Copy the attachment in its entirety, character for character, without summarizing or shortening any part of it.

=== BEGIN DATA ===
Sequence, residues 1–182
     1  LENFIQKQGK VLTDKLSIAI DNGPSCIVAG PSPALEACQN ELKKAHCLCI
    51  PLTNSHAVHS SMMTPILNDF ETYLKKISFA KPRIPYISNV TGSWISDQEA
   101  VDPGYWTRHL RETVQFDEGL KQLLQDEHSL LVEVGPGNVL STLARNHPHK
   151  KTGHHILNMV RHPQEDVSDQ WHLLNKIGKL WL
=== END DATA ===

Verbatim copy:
Sequence, residues 1–182
     1  LENFIQKQGK VLTDKLSIAI DNGPSCIVAG PSPALEACQN ELKKAHCLCI
    51  PLTNSHAVHS SMMTPILNDF ETYLKKISFA KPRIPYISNV TGSWISDQEA
   101  VDPGYWTRHL RETVQFDEGL KQLLQDEHSL LVEVGPGNVL STLARNHPHK
   151  KTGHHILNMV RHPQEDVSDQ WHLLNKIGKL WL